The Museum of Activism launched its first exhibit at Coculture Gallery in Berlin, Germany, October 14-16, 2021. We were proud to receive both activists and those who had been inspired to care. Of particular note, the gallery was filled to capacity with our diverse group of guests, who joined us to listen and participate in our Conversations series.
Our exhibit featured artifacts carefully selected and provided by Syrian activists.
Peaceful activism was the essence of the Syrian Revolution for Dignity that erupted in 2011, after 40 years under a tyrannical dictatorship.
It started with protests after the arrest and torture of children who had written anti-regime graffiti on their school walls. The movement grew when regime forces fired live ammunition at unarmed protesters. The Uprising blossomed when the regime besieged entire towns and cities, cutting off access to food, medicine, and utilities. The more violent the regime’s repression, the more Syrians showed solidarity by joining the nonviolent marches as they spread around Syria.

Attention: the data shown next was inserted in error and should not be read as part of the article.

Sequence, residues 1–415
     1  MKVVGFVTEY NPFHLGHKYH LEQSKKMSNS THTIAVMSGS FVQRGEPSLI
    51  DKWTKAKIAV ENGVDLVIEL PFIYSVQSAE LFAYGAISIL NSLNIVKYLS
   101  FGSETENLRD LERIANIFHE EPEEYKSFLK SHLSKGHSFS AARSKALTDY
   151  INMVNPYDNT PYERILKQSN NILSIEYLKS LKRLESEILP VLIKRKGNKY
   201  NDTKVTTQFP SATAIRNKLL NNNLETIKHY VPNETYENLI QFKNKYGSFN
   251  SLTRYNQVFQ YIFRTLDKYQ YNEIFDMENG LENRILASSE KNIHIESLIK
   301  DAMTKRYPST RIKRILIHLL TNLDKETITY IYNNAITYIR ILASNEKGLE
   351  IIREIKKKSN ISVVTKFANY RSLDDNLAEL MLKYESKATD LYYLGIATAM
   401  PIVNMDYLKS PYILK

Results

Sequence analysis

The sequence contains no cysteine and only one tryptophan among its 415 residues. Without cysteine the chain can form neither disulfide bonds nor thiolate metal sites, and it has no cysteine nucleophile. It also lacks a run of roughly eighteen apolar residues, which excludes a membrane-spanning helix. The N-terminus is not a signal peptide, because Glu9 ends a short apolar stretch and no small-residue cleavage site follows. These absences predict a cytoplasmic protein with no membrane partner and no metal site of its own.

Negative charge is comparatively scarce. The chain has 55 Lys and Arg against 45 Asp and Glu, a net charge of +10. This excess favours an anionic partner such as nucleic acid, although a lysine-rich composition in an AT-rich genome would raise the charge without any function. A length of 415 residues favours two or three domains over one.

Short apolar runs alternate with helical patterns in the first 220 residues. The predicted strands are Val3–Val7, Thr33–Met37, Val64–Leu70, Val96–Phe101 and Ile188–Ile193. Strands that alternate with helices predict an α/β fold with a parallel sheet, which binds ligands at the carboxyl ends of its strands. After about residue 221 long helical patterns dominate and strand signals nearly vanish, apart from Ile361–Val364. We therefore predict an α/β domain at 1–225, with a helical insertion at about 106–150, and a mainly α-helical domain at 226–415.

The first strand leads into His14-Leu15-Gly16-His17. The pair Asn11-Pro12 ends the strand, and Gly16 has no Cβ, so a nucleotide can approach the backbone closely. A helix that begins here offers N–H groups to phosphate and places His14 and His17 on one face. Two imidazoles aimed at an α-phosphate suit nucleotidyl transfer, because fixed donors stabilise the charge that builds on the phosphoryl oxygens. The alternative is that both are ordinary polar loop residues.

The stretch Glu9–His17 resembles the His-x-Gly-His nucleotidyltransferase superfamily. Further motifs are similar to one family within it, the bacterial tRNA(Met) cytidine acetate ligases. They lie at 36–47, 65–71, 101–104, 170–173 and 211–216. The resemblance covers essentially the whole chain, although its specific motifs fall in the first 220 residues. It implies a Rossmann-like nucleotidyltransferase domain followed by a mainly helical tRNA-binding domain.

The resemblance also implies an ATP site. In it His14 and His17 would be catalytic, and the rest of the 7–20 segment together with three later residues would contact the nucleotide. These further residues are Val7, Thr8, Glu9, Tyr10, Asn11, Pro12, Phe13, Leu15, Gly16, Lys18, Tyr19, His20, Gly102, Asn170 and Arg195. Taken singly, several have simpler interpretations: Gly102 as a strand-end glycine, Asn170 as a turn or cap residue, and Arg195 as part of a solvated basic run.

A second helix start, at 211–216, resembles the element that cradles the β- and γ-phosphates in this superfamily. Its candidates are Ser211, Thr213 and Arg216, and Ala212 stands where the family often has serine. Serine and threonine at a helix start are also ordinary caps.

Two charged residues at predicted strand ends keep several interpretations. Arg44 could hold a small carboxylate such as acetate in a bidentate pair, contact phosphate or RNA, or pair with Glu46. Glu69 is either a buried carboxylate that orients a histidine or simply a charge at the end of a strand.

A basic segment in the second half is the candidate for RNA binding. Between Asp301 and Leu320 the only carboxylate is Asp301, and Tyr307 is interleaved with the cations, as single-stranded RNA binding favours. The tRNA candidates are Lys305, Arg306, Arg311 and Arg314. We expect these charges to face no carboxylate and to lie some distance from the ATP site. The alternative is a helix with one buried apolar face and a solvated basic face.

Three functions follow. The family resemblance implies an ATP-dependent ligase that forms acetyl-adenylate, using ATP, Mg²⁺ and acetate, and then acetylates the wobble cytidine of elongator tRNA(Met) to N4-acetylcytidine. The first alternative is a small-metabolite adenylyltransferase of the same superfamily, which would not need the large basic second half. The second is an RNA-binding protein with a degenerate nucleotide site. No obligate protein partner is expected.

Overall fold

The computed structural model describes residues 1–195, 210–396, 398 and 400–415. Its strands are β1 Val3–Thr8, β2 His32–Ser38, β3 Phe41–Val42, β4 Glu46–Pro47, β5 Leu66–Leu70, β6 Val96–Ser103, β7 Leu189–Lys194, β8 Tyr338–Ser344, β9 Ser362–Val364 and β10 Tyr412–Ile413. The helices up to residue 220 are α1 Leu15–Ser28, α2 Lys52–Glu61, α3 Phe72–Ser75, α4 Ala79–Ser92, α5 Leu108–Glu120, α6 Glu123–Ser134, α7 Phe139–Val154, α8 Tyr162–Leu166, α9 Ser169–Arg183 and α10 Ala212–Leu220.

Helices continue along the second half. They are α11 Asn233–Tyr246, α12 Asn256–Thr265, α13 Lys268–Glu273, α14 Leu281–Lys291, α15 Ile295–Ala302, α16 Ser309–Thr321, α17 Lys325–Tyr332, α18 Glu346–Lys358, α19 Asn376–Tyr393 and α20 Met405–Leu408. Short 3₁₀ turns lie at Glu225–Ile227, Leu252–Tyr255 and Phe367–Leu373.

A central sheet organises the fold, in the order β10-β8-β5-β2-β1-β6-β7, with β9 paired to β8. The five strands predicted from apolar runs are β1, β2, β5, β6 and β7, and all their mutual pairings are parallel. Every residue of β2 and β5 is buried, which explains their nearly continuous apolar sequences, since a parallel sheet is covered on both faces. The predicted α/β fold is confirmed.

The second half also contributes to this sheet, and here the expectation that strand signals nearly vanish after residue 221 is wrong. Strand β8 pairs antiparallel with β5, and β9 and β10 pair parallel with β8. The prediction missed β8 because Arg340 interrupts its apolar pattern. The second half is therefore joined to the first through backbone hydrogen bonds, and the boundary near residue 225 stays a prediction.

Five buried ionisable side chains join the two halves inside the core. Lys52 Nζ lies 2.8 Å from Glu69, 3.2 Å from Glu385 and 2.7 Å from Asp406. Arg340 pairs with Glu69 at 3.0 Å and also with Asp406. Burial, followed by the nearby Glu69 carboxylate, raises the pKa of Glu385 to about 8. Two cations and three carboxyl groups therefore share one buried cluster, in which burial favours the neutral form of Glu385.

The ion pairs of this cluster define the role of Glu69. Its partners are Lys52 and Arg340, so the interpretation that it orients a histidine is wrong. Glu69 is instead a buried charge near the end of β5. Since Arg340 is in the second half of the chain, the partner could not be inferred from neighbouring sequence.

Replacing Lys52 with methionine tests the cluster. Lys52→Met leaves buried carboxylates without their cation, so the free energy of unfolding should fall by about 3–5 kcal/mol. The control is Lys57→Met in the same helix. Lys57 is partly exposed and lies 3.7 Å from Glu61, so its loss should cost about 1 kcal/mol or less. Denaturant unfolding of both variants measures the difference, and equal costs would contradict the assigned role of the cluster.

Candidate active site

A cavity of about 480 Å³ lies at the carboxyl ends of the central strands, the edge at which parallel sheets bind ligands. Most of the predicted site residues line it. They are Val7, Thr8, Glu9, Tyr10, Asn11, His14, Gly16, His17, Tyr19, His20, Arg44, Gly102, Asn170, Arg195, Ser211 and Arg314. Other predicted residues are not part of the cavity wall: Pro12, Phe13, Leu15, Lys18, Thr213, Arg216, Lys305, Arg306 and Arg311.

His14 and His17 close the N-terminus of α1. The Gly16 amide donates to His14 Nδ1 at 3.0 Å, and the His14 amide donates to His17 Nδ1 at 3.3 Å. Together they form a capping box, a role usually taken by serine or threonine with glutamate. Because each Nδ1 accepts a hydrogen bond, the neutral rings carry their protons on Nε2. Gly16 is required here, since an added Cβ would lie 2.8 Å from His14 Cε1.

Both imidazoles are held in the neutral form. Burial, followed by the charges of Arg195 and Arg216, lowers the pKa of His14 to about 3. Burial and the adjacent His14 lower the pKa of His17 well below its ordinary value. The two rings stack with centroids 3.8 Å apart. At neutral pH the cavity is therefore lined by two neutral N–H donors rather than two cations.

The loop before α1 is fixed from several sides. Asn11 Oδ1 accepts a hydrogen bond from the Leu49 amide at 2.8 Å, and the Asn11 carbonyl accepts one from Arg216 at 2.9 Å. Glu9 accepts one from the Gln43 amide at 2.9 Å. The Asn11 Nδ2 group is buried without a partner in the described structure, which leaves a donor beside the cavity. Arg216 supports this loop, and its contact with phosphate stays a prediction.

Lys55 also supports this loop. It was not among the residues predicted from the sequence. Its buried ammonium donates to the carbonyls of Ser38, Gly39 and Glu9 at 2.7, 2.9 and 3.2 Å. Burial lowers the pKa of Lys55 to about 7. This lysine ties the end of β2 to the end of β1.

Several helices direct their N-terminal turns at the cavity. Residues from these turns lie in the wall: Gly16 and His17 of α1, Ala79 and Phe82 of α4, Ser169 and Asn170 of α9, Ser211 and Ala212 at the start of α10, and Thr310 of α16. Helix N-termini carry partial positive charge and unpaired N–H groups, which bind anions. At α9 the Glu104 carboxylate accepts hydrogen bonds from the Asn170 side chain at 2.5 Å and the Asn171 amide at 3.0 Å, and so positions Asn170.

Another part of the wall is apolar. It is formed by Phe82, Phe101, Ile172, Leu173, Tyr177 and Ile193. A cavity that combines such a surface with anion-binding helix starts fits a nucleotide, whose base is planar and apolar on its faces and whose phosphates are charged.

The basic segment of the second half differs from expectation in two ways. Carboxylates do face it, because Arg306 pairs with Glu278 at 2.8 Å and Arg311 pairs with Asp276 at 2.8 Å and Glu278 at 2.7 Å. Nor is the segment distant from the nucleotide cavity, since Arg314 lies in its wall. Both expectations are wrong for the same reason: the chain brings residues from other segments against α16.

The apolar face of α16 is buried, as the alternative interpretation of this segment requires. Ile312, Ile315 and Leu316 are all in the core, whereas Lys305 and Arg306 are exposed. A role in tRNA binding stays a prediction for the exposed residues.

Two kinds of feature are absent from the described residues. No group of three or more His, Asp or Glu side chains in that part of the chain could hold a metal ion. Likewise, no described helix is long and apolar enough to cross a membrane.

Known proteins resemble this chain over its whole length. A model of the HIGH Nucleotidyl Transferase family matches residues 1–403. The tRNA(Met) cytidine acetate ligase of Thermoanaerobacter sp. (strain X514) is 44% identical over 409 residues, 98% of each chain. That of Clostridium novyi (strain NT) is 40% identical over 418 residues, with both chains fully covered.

Activists offered security forces water bottles and flowers. They chanted and danced, together, arms interlocked in solidarity. They set loose ping pong balls stamped with the words Freedom and Dignity on steep Damascus streets. They hid loudspeakers in bushes to amplify their words. They used art and humor to spread their message of freedom and dignity. Like every other global movement, their activism was peaceful.